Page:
“You never saw so many phonies in all your life, everybody smoking their ears off and talking about the play so that everybody could hear and know how sharp they were.”
-J.D Salinger, Catcher In the Rye.
What does Holden Caulfield ranting about phonies have to do with the psychological colloquium? If anyone was smoking on Friday, it is almost certain that their ears remained attached to their head… and there definitely were no phonies there… or were there…
Friday the 1st of March heralded the beginning of SCU psychological colloquium 2013, with the first guest speakers, directors of research, Dr Jenny Barr and Dr Susan Nancarrow from the school of Health and Human Sciences. Both ladies did a marvelous job of presenting “The research Journey- higher degrees and publication”. However the focus of this article is the presentation of Dr Nancarrow: self-confessed “phony” (Nancarrow, 2013).
Dr Nancarrow spoke eloquently regarding her twenty years of academia and provided all manner of helpful insights to a room (mostly consisting) of budding researchers and clinicians. She gave us great tips about word processing, grants and publication. She spoke of audacious proposals, the impact factor and broke down the peer review process (Nancarrow, 2013). And yet, I found myself stuck. One thing Dr Nancarrow said caught my attention and I haven’t been able to shake it since.
Dr Nancarrow spoke of a talk she once attended, at which a senior lecturer claimed she was “waiting for someone to catch her out” because she couldn’t lose the sense she was an “imposter”. Dr Susan Nancarrow, PhD, director of research for the school of Health and Human Resources told us this story because she says she feels it too! What’s more, so does her husband (who happens to be physicist)!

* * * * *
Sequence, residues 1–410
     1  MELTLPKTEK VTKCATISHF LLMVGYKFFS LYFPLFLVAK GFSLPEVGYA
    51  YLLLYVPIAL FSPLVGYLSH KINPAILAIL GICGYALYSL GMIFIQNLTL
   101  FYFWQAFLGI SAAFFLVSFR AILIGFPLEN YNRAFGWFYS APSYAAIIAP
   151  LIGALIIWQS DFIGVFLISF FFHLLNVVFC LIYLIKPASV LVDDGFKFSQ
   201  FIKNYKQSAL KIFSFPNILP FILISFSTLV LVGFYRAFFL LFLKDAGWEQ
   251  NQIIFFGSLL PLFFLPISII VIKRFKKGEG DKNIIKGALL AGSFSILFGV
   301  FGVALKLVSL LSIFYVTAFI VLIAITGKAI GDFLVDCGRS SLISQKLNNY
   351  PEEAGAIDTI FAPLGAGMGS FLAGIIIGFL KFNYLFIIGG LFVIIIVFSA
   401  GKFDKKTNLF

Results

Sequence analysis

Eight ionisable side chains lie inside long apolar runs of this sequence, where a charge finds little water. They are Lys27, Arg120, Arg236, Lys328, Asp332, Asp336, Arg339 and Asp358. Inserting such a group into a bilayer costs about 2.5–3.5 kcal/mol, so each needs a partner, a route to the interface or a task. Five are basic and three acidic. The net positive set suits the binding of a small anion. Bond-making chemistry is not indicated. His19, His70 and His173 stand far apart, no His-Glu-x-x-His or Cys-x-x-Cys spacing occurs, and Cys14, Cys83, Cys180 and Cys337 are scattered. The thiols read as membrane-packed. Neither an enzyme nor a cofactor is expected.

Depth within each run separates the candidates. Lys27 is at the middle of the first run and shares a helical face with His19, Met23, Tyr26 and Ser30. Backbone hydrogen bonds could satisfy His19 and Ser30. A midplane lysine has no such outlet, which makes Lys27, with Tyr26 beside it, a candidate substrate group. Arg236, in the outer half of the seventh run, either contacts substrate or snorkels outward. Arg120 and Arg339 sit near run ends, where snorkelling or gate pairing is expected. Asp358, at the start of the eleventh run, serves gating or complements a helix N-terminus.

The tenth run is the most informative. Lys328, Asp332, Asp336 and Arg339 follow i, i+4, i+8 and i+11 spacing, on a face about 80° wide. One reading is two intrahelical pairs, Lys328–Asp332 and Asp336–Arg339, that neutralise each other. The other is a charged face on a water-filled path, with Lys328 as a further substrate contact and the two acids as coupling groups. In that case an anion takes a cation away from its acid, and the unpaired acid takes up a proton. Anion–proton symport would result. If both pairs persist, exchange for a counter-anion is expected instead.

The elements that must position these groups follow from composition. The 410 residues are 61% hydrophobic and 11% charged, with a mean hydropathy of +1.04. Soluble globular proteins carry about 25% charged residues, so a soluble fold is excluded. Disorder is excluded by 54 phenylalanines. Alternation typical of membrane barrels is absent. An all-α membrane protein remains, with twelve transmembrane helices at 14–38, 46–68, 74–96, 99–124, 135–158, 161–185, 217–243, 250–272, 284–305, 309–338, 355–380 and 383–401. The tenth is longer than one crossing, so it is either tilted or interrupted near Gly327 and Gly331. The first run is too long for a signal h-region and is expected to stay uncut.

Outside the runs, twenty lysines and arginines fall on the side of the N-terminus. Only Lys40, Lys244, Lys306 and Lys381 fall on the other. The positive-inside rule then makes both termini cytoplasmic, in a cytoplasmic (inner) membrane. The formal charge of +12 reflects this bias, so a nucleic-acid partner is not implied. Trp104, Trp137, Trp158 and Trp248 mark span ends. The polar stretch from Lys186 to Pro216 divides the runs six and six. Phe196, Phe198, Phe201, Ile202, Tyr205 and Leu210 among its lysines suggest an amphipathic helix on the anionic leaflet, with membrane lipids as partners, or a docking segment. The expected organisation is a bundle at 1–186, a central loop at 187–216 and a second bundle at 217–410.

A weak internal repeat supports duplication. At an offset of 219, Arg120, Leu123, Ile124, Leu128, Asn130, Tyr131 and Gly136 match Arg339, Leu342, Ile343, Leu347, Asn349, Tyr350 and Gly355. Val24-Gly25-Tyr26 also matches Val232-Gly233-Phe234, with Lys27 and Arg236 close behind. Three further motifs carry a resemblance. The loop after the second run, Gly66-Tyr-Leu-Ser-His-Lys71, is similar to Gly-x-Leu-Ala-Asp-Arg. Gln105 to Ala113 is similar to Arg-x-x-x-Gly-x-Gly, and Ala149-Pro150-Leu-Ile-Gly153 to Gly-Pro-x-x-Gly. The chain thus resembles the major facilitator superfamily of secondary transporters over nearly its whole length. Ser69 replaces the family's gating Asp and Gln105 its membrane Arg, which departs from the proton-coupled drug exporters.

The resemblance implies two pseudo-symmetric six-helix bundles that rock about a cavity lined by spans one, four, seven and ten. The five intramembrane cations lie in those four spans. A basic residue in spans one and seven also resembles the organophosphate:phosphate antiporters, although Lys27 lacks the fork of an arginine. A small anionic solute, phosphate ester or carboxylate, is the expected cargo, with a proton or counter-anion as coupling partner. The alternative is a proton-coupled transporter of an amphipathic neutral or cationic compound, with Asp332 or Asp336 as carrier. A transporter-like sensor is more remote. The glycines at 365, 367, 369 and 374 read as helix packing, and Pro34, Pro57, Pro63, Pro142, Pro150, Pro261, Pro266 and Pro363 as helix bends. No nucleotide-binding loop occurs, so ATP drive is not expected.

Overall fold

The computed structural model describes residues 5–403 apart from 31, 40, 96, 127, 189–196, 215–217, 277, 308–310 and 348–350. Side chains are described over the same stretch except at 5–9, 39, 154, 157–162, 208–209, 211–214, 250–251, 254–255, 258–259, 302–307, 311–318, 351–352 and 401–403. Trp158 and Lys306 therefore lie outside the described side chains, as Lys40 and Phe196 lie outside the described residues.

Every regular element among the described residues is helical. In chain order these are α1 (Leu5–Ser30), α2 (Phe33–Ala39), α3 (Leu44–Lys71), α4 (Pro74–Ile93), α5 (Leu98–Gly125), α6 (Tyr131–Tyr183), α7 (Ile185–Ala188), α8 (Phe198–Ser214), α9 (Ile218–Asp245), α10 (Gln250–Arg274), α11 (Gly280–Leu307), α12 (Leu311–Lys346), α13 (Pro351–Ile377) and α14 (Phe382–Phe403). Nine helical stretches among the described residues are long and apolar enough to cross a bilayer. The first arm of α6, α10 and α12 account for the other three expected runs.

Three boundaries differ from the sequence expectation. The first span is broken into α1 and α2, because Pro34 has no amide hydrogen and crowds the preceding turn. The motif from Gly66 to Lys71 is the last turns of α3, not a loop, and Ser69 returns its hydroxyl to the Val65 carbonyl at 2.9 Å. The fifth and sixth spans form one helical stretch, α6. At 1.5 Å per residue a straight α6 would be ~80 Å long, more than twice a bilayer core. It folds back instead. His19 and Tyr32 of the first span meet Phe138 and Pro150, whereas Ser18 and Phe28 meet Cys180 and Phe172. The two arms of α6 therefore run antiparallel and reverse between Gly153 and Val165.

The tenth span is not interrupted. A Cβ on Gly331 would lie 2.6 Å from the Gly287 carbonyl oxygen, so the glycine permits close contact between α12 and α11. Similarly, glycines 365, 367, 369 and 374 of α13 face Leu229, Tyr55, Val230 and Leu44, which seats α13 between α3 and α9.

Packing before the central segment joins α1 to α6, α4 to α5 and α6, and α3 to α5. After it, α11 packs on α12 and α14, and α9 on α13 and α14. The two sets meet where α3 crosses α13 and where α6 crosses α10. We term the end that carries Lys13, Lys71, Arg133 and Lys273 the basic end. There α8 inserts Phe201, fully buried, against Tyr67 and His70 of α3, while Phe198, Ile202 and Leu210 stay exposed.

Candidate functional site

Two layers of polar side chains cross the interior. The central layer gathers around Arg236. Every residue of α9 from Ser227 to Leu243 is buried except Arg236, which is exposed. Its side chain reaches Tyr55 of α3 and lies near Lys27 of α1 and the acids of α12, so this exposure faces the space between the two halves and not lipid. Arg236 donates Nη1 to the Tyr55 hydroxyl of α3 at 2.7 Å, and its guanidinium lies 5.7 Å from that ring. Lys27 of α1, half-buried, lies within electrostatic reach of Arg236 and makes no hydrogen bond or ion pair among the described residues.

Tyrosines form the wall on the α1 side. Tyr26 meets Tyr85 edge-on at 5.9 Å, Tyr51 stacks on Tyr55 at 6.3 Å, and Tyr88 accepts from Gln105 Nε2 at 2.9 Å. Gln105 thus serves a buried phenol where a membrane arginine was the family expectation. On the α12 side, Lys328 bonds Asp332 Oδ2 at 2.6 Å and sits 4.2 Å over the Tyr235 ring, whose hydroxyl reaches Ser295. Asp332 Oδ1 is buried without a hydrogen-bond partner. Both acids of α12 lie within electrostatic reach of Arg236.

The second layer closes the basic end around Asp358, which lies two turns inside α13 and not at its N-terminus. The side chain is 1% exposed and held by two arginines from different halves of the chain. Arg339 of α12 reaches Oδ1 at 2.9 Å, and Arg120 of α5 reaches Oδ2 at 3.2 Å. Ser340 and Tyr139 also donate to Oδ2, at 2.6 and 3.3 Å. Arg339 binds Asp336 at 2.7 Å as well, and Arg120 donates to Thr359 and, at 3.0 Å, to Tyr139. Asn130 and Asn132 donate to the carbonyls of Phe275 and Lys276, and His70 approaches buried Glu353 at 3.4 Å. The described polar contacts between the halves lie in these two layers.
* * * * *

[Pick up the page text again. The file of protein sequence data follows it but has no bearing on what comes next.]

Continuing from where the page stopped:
As I said, I haven’t been able to disregard those words, because… me too! I feel like a total phony! Confession time: When I have occasion to ‘play the heavy’ with my son, he actually listens, and I am gob smacked! I think to myself “Ha! He totally takes me seriously!” When I get an assignment back and its good news, there is a part of me that can’t help wondering how I managed to “dupe ‘em again”.
So I did some research, and guess what? It’s “a thing”. It isn’t just me, or the Nancarrow’s, or the anonymous senior lecturer. The term Impostor Phenomenon (IP) coined by Clance and Ament in 1978 (the year after I was born- maybe I bought it from when’st I came?) is a label assigned to the internal experience of “intellectual phoniness” (Clance & Ament, 1978:1). It describes the sort of person who, despite academic or professional accomplishments, grapples with the belief that they must have everybody hoodwinked.
IP has even been operationalized as a research construct through the Harvey IP Scale (Harvey, 1981) and the Clance IP Scale (Clance, 1985). Both scales explore dimensions such as the fear of failure; attributing success to luck or error; fear that successes cannot be repeated; and discounting recognition from others (Langford and Clance, 1993).
Anyway, my word count’s heading over (again!) so I have to knock off, but for any “IP”ers – we are not alone… and it’s “a thing”. Truly.
Clance, P. And Ament, S (1978) The Impostor Phenomenon in High Achieving Women: Dynamics and Therapeutic Intervention Psychotherapy: Theory, Research and Practice 15:3
Harvey, J (1981). The impostor phenomenon and achievement: A failure to internalize success. Dissertation Abstracts International, 42, 4969B.
Langford, J. and Clance, P (1993) The Impostor Phenomenon: Recent Research Findings Regarding Dynamics, Personality and Family Patterns and Their Implications for Treatment Psychotherapy: Theory, Research and Practice 30: 3
Nancarrow, S and Barr, J (2013) “The research Journey- higher degrees and publication” Psychology Colloquia 2013: Symposium conducted at the meeting of Southern Cross University, Coffs Harbour, NSW.